Lake Morton Plaza Vaccinates Living Assistance Residents
by James Coulter
Peggy Snow is 90 years old. She may not expect to live 90 more years, but she does want to live long enough to see her family in person.
Like many living assistance residents at Lake Morton Plaza in Lakeland, she has remained on lockdown during the COVID-19 crisis to prevent herself and other residents from contracting the disease.
While she loves Lake Morton and considers its staff to be like family members, she yearns to see her other family members. She has seen her two daughters but no one else.
For this reason, Snow was more than eager to finally receive the first dose of the COVID-19 vaccine during a mass vaccination event on Thursday and Friday at the living assistance apartment complex.
“It did not hurt at all,” Snow said.
She has lived at Lake Morton Plaza for the past six years. She loves the facility and its residents, but like everyone else, she would love to see her real family safely. Otherwise, she has been doing well, all things considered.
“[I enjoy] just living my life as I have been doing,” she said. “I love my life, and I love where I live.”
Snow was one of the many Lake Morton Plaza residents who received the vaccine last Thursday. As the building is 10-stories tall, half of the residents were vaccinated from the top five to six floors, along with half of the other staff. The other half of residents and staff received the remaining vaccines the next day, explained Ashely Hochadel, Administrator and Executive Director.
“Everyone has been vaccinated,” Hochadel said. “The vaccines went very smoothly. Everything went well. We had everything pre-planned. All the paperwork taken care of ahead of time, they knocked everybody out in three hours.”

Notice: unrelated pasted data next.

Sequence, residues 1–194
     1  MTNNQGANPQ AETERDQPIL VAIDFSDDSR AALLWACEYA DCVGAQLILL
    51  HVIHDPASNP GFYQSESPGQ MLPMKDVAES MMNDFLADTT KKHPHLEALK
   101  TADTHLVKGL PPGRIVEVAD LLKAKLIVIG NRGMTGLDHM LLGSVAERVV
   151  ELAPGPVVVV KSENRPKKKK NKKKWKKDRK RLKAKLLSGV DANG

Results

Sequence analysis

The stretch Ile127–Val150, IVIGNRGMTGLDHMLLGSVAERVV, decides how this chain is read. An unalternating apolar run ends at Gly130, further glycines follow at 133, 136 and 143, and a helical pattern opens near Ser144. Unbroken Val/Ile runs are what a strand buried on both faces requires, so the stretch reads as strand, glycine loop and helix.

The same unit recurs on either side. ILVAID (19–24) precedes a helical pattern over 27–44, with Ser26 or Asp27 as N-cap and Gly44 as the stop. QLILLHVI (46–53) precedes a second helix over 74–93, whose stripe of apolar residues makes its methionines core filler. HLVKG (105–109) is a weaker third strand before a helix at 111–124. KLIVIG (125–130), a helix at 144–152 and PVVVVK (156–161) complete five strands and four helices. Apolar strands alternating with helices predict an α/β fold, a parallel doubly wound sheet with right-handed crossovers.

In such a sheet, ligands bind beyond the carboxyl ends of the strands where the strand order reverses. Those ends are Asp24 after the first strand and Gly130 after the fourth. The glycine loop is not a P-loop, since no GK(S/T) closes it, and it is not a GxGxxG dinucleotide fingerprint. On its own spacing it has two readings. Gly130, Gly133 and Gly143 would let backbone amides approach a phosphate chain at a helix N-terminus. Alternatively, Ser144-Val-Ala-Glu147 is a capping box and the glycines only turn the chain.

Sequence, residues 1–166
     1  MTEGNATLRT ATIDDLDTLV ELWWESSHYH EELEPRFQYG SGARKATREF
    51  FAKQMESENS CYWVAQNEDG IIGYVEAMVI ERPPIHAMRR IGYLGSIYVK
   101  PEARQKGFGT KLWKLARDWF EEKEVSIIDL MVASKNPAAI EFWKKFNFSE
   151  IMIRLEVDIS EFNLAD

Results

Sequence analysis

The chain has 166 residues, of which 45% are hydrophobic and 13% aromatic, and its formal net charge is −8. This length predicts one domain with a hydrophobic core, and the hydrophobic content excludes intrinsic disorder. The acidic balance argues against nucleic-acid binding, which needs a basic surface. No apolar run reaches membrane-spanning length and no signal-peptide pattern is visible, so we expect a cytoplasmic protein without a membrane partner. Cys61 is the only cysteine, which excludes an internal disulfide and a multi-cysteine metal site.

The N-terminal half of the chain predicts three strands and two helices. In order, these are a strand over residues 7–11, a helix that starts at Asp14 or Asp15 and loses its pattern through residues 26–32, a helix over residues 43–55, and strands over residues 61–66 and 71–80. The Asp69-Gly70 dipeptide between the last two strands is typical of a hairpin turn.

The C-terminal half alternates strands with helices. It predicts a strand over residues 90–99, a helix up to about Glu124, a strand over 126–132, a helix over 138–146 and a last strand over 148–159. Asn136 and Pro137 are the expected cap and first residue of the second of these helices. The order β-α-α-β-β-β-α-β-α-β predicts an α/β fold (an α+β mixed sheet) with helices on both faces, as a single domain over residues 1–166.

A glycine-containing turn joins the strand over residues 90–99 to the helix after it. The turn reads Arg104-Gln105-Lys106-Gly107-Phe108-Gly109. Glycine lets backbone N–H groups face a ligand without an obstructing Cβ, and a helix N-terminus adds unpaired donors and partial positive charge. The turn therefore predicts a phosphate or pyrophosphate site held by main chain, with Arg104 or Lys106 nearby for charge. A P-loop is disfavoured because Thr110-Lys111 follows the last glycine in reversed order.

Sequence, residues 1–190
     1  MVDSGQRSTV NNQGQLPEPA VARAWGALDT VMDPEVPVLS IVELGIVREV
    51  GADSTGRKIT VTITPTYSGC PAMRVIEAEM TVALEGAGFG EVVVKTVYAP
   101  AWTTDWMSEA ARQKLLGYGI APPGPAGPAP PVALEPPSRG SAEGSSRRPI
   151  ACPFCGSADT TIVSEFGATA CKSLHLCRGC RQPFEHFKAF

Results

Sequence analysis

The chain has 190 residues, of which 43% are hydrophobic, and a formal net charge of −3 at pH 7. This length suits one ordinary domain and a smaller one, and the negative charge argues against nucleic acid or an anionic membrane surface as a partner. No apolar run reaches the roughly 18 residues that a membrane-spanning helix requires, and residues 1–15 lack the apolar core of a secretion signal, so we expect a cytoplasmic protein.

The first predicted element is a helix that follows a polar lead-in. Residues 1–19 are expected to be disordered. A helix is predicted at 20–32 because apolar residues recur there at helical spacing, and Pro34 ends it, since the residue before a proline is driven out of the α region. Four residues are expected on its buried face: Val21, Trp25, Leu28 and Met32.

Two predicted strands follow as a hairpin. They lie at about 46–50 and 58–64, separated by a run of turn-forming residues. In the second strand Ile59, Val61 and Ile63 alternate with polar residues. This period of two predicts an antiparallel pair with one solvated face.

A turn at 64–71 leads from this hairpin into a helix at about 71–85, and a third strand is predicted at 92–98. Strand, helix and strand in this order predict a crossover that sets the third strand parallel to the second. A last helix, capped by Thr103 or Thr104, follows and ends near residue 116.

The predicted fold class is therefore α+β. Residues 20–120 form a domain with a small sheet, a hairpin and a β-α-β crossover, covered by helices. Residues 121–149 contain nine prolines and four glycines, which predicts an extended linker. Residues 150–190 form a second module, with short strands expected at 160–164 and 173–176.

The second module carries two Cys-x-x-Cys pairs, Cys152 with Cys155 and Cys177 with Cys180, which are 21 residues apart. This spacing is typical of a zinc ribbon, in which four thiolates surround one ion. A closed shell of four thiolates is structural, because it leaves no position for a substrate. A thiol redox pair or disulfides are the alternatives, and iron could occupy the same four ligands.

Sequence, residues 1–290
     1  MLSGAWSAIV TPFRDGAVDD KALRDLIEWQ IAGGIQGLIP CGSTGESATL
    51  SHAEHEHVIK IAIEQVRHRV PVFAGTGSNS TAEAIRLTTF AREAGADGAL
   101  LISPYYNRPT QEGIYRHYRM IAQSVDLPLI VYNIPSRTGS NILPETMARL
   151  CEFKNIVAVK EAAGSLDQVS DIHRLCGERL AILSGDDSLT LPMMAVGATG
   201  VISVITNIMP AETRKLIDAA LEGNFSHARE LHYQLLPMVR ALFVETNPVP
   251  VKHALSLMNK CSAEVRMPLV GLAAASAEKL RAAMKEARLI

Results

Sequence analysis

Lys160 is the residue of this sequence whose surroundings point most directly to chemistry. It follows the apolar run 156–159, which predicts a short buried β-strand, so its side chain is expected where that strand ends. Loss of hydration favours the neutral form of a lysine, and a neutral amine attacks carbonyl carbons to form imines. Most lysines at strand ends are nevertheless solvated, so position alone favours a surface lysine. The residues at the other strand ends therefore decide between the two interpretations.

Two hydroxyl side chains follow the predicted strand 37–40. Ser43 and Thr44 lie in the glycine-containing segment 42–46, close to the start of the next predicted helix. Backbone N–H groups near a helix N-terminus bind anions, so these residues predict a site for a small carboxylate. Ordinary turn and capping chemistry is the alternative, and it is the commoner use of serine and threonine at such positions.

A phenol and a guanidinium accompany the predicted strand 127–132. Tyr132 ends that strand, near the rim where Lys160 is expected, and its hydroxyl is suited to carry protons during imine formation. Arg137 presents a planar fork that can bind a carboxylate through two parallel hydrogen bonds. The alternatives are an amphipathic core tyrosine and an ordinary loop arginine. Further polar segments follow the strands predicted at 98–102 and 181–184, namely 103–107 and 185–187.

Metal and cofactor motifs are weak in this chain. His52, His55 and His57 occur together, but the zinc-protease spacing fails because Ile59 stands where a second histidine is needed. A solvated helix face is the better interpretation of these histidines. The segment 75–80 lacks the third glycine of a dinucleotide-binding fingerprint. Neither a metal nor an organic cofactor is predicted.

The Pfizer vaccine was administered, as it was the brand provided through Walgreens, the pharmacy which Lake Morton Plaza partnered with to administer the vaccinations.
Both the Pfizer and Moderna vaccines are administered through two doses. The second dose will be distributed to residents and staff 21 days later on Feb. 11.
As with most other vaccinations, side effects are expected to be minimal, with a sore arm and headache at the least and flu-like symptoms like fever, chills, and body aches at the worst, Hochadel said.
As such, many residents were hesitant about receiving the vaccine, mostly since it was relatively new. Nevertheless, most, if not all, residents were satisfied, if not finally relieved, to receive protection from an especially deadly virus for them.
“The overall feeling was excitement because this might mean the masks and lockdowns in the assisted living facility might end soon, [and] their families may be able to come and visit them soon,” Hochadel said. “They exceeded expectations. The pharmacists were very efficient. The residents were quick to get up there and in line, we are very happy.”